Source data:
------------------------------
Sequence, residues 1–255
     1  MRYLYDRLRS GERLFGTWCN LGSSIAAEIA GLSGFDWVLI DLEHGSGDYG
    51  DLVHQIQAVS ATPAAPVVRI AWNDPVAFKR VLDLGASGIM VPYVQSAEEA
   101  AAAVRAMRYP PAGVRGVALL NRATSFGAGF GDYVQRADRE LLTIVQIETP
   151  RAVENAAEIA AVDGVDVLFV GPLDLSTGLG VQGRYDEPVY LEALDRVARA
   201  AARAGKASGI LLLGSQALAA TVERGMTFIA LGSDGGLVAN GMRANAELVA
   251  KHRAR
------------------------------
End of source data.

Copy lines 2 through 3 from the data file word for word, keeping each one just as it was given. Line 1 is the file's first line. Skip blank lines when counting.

     1  MRYLYDRLRS GERLFGTWCN LGSSIAAEIA GLSGFDWVLI DLEHGSGDYG
    51  DLVHQIQAVS ATPAAPVVRI AWNDPVAFKR VLDLGASGIM VPYVQSAEEA